Fake News: Area Grandmother Rose Biggin Did NOT Come Forward As 'Banksy'

Fact Check

  • by: Maarten Schenk
Fake News: Area Grandmother Rose Biggin Did NOT Come Forward As 'Banksy'

Has Banksy's identity been revealed as Rose Biggin, 89 years old, of Camden Town in London? Nope, that's not true, it is just the latest in a string of fake Banksy identity revelation stories. The identity of the famous street artist remains as it should be, shrouded in mystery.

This particular version was published on March 28, 2018 by satirical website The Onion titled "Area Grandmother Comes Forward As 'Banksy'" (archived here) which opened:

LONDON--At a press conference Tuesday, 89-year-old Rose Biggin, a grandmother from the Camden Town neighborhood of North London, announced that she was in fact the internationally renowned graffiti artist known only as Banksy.

Fake news claiming to reveal the identity of Banksy is nothing new. The man most famous for doing that used to be Paul Horner. We covered it last time he pulled it off:

Fake News: Graffiti Artist Banksy NOT Arrested At Art Exhibit In Palestine; Identity NOT Revealed | Lead Stories

It seems like prolific fake news writer Paul Horner has come back from retirement, with several of his dormant sites springing back to life all publishing the same story titled "Graffiti Artist Banksy Arrested At Art Exhibit In Palestine; Identity Revealed".

Unfortunately Horner passed away about six months ago but he would probably have loved the idea of The Onion doing a twist on his signature hoax.

The Onion is one of the oldest and best known satire websites on the internet. Their about page claims:

The Onion is the world's leading news publication, offering highly acclaimed, universally revered coverage of breaking national, international, and local news events. Rising from its humble beginnings as a print newspaper in 1756, The Onion now enjoys a daily readership of 4.3 trillion and has grown into the single most powerful and influential organization in human history.

In addition to maintaining a towering standard of excellence to which the rest of the industry aspires, The Onion supports more than 350,000 full- and part-time journalism jobs in its numerous news bureaus and manual labor camps stationed around the world, and members of its editorial board have served with distinction in an advisory capacity for such nations as China, Syria, Somalia, and the former Soviet Union. On top of its journalistic pursuits, The Onion also owns and operates the majority of the world's transoceanic shipping lanes, stands on the nation's leading edge on matters of deforestation and strip mining, and proudly conducts tests on millions of animals daily.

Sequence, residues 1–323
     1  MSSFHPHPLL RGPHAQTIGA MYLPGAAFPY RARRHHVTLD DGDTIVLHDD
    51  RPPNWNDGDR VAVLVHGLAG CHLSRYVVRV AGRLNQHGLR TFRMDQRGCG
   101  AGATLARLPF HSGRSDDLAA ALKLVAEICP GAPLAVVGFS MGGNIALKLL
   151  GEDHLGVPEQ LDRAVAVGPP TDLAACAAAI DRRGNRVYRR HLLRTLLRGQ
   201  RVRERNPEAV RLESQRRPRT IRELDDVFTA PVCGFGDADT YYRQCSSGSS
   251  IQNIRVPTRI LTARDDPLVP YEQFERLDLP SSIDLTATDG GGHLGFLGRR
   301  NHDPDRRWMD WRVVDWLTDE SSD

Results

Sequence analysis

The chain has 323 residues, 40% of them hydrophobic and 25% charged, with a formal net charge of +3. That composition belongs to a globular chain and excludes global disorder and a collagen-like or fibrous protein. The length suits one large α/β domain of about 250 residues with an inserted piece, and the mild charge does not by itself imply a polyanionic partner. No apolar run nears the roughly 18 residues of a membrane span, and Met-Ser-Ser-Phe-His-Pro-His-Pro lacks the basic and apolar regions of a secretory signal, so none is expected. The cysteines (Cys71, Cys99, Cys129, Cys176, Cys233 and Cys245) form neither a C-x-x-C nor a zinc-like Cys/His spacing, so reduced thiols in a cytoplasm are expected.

If you somehow find that hard to believe: you are right. Scroll down a bit futher on that page and you'll find this:

What if I want to sue The Onion?
Please do not do that. The First Amendment protects satire as a form of free speech and expression. The Onion uses invented names in all of its stories, except in cases where public figures are being satirized. Any other use of real names is accidental and coincidental. The Onion is not intended for readers under 18 years of age.

Articles from The Onion are frequently mistaken for real news by people on social media that only see the headline, short description and thumbnail image. Being one of the best known satire sites their articles also frequently get copied by "real" fake news sites that don't carry a satire disclaimer. Always Google before sharing something that sounds improbable!

Here are some earlier hoaxes from The Onion we covered:

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  Maarten Schenk

Maarten Schenk is the co-founder and COO/CTO of Lead Stories and an expert on fake news and hoax websites. He likes to go beyond just debunking trending fake news stories and is endlessly fascinated by the dazzling variety of psychological and technical tricks used by the people and networks who intentionally spread made-up things on the internet.

Read more about or contact Maarten Schenk

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